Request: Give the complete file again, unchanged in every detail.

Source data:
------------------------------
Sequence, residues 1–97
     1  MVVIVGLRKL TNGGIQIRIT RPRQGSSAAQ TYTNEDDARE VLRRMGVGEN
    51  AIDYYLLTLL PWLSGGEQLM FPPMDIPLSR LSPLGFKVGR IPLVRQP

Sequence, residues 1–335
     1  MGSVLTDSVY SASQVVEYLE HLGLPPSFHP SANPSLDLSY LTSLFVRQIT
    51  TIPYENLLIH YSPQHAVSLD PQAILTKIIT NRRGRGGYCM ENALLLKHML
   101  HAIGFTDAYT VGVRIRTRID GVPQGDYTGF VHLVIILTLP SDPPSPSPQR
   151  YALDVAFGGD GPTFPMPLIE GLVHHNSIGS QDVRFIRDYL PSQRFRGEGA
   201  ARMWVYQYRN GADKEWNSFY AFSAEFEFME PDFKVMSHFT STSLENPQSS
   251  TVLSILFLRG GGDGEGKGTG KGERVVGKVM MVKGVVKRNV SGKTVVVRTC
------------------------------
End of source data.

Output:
Sequence, residues 1–97
     1  MVVIVGLRKL TNGGIQIRIT RPRQGSSAAQ TYTNEDDARE VLRRMGVGEN
    51  AIDYYLLTLL PWLSGGEQLM FPPMDIPLSR LSPLGFKVGR IPLVRQP

Sequence, residues 1–335
     1  MGSVLTDSVY SASQVVEYLE HLGLPPSFHP SANPSLDLSY LTSLFVRQIT
    51  TIPYENLLIH YSPQHAVSLD PQAILTKIIT NRRGRGGYCM ENALLLKHML
   101  HAIGFTDAYT VGVRIRTRID GVPQGDYTGF VHLVIILTLP SDPPSPSPQR
   151  YALDVAFGGD GPTFPMPLIE GLVHHNSIGS QDVRFIRDYL PSQRFRGEGA
   201  ARMWVYQYRN GADKEWNSFY AFSAEFEFME PDFKVMSHFT STSLENPQSS
   251  TVLSILFLRG GGDGEGKGTG KGERVVGKVM MVKGVVKRNV SGKTVVVRTC